By Paula Dirkes | June 4, 2010
Several years ago when I worked at a local metropolitan hospital, I had the responsibility of conducting an experiential training program called ‘Into Aging Simulation’ for hospital employees and volunteers. Each participant was assigned the role of an elderly person who had a particular ‘Life Script’ that would play out over the course of the 90 minute program – whether they wanted it to or not. It was a pretty amazing program because it really caused people to notice how elderly patients and visitors were treated (for better and for worse) and we had some rather animated discussions during the debrief at the end.
When I trained IAS facilitators to help me put on this program, I gave them a copy of a poem that gave them some insight about what it’s like to be an elderly person, from the perspective of the elderly person. The poem below is very similar to the one I used to use. Since my ‘second Dad’ Jack just died last week in a nursing home, and since my siblings and I are discussing our own Mother’s care right now, the poem is even more meaningful.
When an old man died in the geriatric ward of a nursing home in North Platte, Nebraska, it was believed that he had nothing left of any value.
Later, when the nurses were going through his meager possessions, they found this poem. Its quality and content so impressed the staff that copies were made and distributed to every nurse in the hospital. One nurse took her copy to Missouri.
The old man’s sole bequest to posterity has since appeared in the Christmas edition of the News Magazine of the St. Louis Association for Mental Health. A slide presentation has also been made based on his simple, but eloquent, poem.
And this little old man, with nothing left to give to the world, is now the author of this ‘anonymous’ poem winging across the Internet.
Crabby Old Man
What do you see nurses? .. . . .. . What do you see?
What are you thinking . .. . . . when you’re looking at me?
A crabby old man . . . . .. not very wise,
Uncertain of habit . . . . . with faraway eyes?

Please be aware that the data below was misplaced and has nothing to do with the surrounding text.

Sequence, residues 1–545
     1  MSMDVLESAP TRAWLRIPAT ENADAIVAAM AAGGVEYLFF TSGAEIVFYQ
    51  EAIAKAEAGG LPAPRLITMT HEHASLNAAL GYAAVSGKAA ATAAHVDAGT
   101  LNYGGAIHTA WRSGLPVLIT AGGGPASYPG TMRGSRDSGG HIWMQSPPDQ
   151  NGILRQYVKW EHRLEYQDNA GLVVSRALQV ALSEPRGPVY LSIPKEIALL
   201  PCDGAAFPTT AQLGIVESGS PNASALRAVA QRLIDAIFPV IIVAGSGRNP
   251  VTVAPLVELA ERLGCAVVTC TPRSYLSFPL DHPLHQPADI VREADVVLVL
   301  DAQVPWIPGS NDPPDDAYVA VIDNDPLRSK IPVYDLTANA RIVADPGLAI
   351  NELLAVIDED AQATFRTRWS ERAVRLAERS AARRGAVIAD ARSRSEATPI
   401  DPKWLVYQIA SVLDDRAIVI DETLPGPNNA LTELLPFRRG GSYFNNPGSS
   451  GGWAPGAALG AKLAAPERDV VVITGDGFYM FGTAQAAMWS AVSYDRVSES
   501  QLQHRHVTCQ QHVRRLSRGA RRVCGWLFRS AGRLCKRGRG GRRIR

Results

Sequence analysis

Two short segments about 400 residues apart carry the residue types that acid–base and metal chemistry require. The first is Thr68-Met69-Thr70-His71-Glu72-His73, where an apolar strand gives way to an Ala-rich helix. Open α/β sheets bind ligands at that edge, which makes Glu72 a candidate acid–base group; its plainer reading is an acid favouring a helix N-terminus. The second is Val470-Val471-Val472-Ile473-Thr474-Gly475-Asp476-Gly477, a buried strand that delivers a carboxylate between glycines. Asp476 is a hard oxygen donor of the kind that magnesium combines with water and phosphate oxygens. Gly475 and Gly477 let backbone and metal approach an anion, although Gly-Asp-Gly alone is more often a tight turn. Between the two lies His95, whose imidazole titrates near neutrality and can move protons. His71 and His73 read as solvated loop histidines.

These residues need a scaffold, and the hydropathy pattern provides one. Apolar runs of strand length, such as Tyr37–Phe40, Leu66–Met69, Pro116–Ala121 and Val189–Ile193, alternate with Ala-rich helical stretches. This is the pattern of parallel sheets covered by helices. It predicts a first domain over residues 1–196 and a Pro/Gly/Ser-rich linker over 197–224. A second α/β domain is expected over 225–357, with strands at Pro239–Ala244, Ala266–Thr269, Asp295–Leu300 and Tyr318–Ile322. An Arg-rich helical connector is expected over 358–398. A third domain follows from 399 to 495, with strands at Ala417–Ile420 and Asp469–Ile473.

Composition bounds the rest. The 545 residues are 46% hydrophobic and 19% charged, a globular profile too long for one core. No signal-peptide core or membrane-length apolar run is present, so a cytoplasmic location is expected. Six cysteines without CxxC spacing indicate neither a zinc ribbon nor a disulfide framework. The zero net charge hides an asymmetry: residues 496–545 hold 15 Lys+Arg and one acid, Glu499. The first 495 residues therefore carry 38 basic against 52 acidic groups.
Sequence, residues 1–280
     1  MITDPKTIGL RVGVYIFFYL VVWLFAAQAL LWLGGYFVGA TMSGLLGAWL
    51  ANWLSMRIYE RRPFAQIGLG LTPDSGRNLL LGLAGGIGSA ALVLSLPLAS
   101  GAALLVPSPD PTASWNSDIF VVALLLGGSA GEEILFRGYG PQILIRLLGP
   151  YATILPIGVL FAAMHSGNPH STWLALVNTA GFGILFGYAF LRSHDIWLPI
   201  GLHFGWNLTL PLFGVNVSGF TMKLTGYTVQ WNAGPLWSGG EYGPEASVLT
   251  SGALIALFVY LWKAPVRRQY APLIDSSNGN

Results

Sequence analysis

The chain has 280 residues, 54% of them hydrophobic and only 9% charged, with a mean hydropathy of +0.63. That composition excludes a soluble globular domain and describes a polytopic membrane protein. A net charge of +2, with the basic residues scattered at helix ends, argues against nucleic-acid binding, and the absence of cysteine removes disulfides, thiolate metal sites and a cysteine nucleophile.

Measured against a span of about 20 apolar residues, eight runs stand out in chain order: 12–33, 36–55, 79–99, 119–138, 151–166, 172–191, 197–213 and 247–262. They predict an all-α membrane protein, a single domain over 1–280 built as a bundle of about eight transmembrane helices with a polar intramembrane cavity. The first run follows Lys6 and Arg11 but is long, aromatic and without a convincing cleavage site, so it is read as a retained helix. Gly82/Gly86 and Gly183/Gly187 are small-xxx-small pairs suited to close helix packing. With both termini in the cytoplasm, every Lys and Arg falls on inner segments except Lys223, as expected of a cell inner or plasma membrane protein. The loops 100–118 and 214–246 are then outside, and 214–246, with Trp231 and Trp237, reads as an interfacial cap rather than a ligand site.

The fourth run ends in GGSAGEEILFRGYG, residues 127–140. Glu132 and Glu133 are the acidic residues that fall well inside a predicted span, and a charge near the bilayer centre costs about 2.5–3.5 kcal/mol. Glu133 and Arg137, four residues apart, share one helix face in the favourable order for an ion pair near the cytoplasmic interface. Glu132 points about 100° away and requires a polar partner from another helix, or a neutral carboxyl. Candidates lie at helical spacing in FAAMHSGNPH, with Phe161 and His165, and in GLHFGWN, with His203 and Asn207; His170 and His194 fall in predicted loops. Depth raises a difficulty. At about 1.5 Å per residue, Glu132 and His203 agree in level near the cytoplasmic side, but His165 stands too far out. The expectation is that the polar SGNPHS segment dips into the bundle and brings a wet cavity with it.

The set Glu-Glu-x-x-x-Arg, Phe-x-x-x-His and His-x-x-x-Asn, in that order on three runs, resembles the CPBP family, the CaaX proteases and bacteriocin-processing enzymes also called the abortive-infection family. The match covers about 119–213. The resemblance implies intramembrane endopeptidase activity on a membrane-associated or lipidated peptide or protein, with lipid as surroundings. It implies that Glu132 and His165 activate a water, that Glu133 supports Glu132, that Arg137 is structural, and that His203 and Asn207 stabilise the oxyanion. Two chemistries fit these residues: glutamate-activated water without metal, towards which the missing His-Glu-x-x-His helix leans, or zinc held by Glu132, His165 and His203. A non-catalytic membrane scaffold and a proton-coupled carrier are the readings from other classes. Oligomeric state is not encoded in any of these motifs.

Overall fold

Who dribbles his food . .. . . . and makes no reply.
When you say in a loud voice . . . .. . ‘I do wish you’d try!’
Who seems not to notice .. .. . . . the things that you do.
And forever is losing . . . . . A sock or shoe?
Who, resisting or not . .. . . . lets you do as you will,
With bathing and feeding .. . . . . The long day to fill?
Is that what you’re thinking? . . .. . . Is that what you see?
Then open your eyes, nurse . . . . . you’re not looking at me.
I’ll tell you who I am. .. . . . . As I sit here so still,
As I do at your bidding, .. . . . . as I eat at your will.
I’m a small child of Ten .. .. .. . .. with a father and mother,
Brothers and sisters . . . . . who love one another.
A young boy of Sixteen . .. . . with wings on his feet.
Dreaming that soon now . .. . . . a lover he’ll meet.
A groom soon at Twenty . .. . . . my heart gives a leap.
Remembering, the vows . . . . . that I promised to keep.
At Twenty-Five, now . .. .. . . I have young of my own.
Who need me to guide . . .. . . And a secure happy home.
A man of Thirty . . .. . .. My young now grown fast,
Bound to each other . . . .. . With ties that should last.
At Forty, my young sons .. . . . . have grown and are gone,
But my woman’s beside me .. . . .. … to see I don’t mourn.
At Fifty, once more, babies play ’round my knee,
Again, we know children .. . . . . My loved one and me.
Dark days are upon me . .. . . . my wife is now dead.
I look at the future . . .. . . shudder with dread.
For my young are all rearing .. . . .. . young of their own.
And I think of the years . . . . . and the love that I’ve known
I’m now an old man . . . .. . and nature is cruel.
Tis jest to make old age .. . . . . look like a fool.
The body, it crumbles . .. . . . grace and vigor, depart.
There is now a stone . . .. . where I once had a heart.
But inside this old carcass . . . .. .. a young guy still dwells,
And now and again . . . .. . my battered heart swells.
I remember the joys . . .. . . I remember the pain.
And I’m loving and living . . . . . life over again.
I think of the years, all too few .. . . . . gone too fast.
And accept the stark fact . . . . that nothing can last.
So open your eyes, people . . . . .. open and see.
Not a crabby old man . . . Look closer .. . . see ME!!
Take care of yourself,